Average 20 year old weather nerd. Plymouth State University Meteorology, Class of 2018. NOAA Hollings scholar. Summer 2016 intern at NWS Boston.
By: MAweatherboy1 , 4:56 PM GMT on June 14, 2012
The tropics are very active across the globe today. The majority of the action today is in the East and West Pacific Oceans. In the East Pacific, Tropical Storm Carlotta formed early this morning from a disturbance previously known as 94E. It now has maximum sustained winds of 45mph and a minimum pressure of 1000mb according to the National Hurricane Center. Carlotta is forecast to strengthen into a hurricane by the NHC with a forecasted peak intensity of 90mph as it nears the Mexican Coast. The official forecasts brings it very close to the coastline.
Figure 1: Official NHC forecast track of Carlotta
While the track does not indicate an official landfall, it will be plenty close enough to the Mexican coast to provide hurricane conditions, and for that reason hurricane watches and warnings are in effect for a large area of the coast.
Figure 2: Water vapor imagery of Carlotta
As Figure 2 shows, Carlotta is struggling a little with dry air, preventing it from consolidating its thunderstorms around the center. I think it will overcome these issues, but it may take the rest of the day, meaning the NHC's forecast for Carlotta to reach 60mph by 11PM tonigt may be too aggressive. Still, I think that once Carlotta resolves this problem she will intensify and probably peak at an intensity of 85mph, with an outside chance of 100mph if rapid intensification occurs soon after the dry air is worked out of the circulation. I also believe that the steering currents, mostly a trough to the storm's west, will be a little slower to move than forecast, causing a longer period of northwest motion which will lead to an official landfall. I also think Carlotta will weaken some before landfall. The NHC has Carlotta peaking as she gets to the coast, but I think the peak is likely to happen sooner beofre slight weakening, probably to a minimal hurricane, occurs before landfall. Impacts will not change much regardless, with the main threats being strong winds near the coast and torrential rain a bit further inland. The mountains of Mexico will help wring out a lot of moisutre, and because it will sit near the coast for a while, I think 5-9 inches of rain are likely in many areas with highly localized amounts of 15 inches possible. This situation bears close watching by the people of Mexico.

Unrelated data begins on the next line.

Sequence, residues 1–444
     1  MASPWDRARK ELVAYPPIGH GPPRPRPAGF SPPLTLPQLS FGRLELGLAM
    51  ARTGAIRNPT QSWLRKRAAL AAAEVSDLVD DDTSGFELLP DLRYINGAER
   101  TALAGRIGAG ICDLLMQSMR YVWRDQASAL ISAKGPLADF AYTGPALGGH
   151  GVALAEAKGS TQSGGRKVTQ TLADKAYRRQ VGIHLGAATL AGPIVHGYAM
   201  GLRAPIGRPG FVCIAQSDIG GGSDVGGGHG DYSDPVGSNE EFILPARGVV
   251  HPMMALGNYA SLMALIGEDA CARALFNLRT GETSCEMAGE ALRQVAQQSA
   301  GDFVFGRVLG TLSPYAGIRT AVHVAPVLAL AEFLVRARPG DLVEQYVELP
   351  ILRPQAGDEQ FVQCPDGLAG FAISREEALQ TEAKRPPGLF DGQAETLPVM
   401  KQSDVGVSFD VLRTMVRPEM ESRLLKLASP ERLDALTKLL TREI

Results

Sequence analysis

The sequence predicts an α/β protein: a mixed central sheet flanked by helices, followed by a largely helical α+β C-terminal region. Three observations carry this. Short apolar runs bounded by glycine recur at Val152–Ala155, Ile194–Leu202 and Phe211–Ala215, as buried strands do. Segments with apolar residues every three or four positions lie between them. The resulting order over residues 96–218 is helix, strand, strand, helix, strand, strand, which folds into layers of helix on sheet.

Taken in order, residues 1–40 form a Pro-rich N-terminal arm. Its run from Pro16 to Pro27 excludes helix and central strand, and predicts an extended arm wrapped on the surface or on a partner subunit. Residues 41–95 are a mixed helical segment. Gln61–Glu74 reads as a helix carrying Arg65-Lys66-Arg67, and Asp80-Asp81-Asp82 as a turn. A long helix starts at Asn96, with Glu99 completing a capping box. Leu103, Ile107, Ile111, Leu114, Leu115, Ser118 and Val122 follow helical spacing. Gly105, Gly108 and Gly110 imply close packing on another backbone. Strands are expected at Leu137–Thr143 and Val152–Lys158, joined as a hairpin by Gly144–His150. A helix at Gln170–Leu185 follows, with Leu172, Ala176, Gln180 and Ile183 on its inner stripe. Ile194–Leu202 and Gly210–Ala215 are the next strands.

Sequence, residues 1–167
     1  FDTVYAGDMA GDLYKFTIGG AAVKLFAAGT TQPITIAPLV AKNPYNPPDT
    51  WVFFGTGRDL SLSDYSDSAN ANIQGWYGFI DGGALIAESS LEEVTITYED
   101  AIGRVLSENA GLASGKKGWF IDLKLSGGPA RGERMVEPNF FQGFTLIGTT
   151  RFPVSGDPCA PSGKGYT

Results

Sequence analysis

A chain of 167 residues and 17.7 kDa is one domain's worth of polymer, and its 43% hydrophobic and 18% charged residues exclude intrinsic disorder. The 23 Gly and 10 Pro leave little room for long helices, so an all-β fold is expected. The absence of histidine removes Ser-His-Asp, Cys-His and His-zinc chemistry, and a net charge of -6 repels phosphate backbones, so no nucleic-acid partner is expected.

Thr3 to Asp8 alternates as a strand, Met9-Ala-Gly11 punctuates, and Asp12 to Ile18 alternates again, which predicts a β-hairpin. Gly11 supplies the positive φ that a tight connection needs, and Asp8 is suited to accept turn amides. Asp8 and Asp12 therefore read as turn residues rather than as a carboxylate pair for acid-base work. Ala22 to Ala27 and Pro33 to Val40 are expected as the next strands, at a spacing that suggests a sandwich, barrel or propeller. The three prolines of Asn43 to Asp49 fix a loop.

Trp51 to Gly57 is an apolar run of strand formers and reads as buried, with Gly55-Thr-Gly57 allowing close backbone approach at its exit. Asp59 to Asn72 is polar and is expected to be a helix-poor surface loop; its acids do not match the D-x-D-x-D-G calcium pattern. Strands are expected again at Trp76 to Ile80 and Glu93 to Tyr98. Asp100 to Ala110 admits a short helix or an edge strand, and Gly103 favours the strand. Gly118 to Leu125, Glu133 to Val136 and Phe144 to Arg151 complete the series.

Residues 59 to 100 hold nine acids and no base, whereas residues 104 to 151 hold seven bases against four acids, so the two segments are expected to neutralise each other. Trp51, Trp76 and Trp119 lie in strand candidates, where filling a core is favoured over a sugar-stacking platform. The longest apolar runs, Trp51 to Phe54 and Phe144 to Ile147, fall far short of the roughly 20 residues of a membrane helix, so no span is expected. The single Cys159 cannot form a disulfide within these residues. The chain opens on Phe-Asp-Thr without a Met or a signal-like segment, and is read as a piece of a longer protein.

Guchol Targets Japan
In the West Pacific, powerful Typhoon Guchol is taking aim at Japan. According to the Joint Typhoon Warning Center the storm currently has winds of 80mph. It is forecast to reach near major hurricane stregnth in about 3 days before it beigns to become extratropical as it recurves towards Japan.
Firgure 3: Official forecast track of Guchol
On its forecast path Guchol will either make landfall on Japan or pass just east of the country.
I'm worried about this storm. All the conditions are there for it to rapidly intensify during the next 48 hours. It is in a moist, low shear environment and over extremely warm waters. In additions, rather than beginning a west-northwest motion like the offcial track suggests, it has moved due west or even a bit south of due west all day, which keeps it over favorable conditions longer and increases the odds of a Japan landfall. For these reasons I am forecasting a peak intensity of 125 mph and a landfall on Japan. Figure 4 shows Guchol looks quite impressive at this time and will likely clear out an eye soon.
Figure 4: Typhoon Guchol
Both Carlotta and Guchol are potentially dangerous and life threatening storms that bear close watching by those who could potentially be affected. I will have an update tomorrow or Saturday. Thanks you as always for reading, and have a great day!
The views of the author are his/her own and do not necessarily represent the position of The Weather Company or its parent, IBM.